Mills alum Natasha Middleton is running for City Council in District 6 of Oakland. She is a longtime Bay Area resident, having raised her son in the area.
Middleton graduated from Mills in 2013, with a master’s degree in public policy. She has been a public servant for the City of Oakland and Alameda Country since earning her masters. This has included serving as Policy Analyst and Community Liaison for Oakland Council member (now Mayor) Libby Schaaf in 2013. She is currently working for the Alameda County Probation Department as a management analyst, helping to advance policy reforms that benefit those in the criminal justice system.
A strong advocate for women’s rights, Middleton has organized events such as the California Women Lead Appointments Training Workshop, and devoted to training women who wish to run for elected office in order to, hopefully, increase the number of female candidates. She has also volunteered for Emerge California, which is a nonprofit organization that exists to help California women and minorities be elected to public office and served on the Family Violence Law Center board.
“Natasha came to us as a very well-polished speaker who could have a strong and inspiring presence in the room, which was really fun in class,” said Mark Henderson, associate professor of public policy at Mills College. “She didn’t dominate the room, but she was worth pausing and listening to when she had something to say.”
Middleton believes that housing and after-school care are the two issues most relevant to Mills students.
“I know that some students that have families or children, they may not be able to afford the [Children’s School] on site and trying to find housing, especially family housing is a challenge,” said Middleton.
Emphasizing her commitment to increase housing efforts for Mills students and the larger community, Middleton said, “Mills is really like a family member to me.”
Middleton is passionate about local issues affecting Oakland now and interested in bringing a fresh lens to the city council. Her platform positions are creating safer communities, mitigating the rise in homelessness, increasing public safety, supporting small businesses and combating human sex trafficking.
“It’s time for a principled, policy-focused council member who will do the work to address the District 6 housing crisis, lack of business and local development and other critical issues,” said civil rights activist Elaine Brown during her endorsement of Middleton.
She has worked with local agencies and schools to promote awareness and cooperating with local organizations doing the work with CSEC (Commercial Sexual Exploitation of Children).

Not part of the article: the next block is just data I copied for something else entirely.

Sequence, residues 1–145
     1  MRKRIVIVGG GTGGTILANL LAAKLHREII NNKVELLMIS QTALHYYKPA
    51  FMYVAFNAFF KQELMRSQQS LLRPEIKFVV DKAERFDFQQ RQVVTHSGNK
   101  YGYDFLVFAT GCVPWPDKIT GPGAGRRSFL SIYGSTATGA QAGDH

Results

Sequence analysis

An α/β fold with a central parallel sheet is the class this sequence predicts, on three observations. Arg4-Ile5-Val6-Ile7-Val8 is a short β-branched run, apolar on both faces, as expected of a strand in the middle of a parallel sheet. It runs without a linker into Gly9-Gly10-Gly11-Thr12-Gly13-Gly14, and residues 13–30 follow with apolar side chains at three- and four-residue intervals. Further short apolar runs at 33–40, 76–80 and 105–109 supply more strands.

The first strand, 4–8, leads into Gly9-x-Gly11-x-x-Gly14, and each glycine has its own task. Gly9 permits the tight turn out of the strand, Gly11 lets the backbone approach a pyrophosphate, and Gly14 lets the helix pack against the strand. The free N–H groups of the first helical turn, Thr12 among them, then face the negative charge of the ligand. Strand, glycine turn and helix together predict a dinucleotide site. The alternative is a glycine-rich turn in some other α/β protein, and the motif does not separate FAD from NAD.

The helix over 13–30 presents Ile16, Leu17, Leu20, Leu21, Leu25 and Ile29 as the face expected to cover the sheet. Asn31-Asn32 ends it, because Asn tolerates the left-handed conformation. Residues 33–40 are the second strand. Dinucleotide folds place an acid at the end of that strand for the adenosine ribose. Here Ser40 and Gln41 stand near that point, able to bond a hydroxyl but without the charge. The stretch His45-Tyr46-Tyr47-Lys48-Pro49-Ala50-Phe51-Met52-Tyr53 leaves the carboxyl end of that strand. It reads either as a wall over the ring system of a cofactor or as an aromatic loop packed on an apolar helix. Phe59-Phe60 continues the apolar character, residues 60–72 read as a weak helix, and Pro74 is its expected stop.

“The City Council member represents an area that is a high traffic area for that kind of activity. On the midcycle budget, they dedicated more money to advocacy and preventative services around sex trafficking and funding those organizations that are doing the work,” said Middleton, “When I sat on the Measure Z commission, that’s a key piece of violence prevention and safety—making sure that organizations that are funded through the monies that are allocated from the revenue are going to organizations serving that population.”
Middleton has worked with Neighborhood Crime Prevention Councils and Law Enforcement to ensure community safety. These efforts resulted in Measure Z: The 2014 Oakland Public Safety and Services Violence Prevention Act. This local measure enacted anti-violence prevention programs, emergency response and collaboration with local police. Middleton’s involvement with the measure shaped her interest in safety prevention programs. She also co-organized the Feed the People Burritos Project, which shared healthy food options and provided prepared meals for homeless persons.
“I support the Vacant Property Tax,” said Middleton, “We almost need to throw out the kitchen sink to solve homelessness…we need to build more affordable housing; we really need to have places in which the unsheltered can live.”
Middleton advocates for Tuff sheds as a temporary solution, after which, occupants should be transitioned into permanent housing.
Henderson reflects on the Mills experiences that might have contributed to Middleton’s career as a civil servant and current political ambitions.
“I credit our women’s leadership and politics class, but I’m not sure Natasha needed our nudge to think of herself in that realm,” said Henderson about Middleton’s interest to run for local office.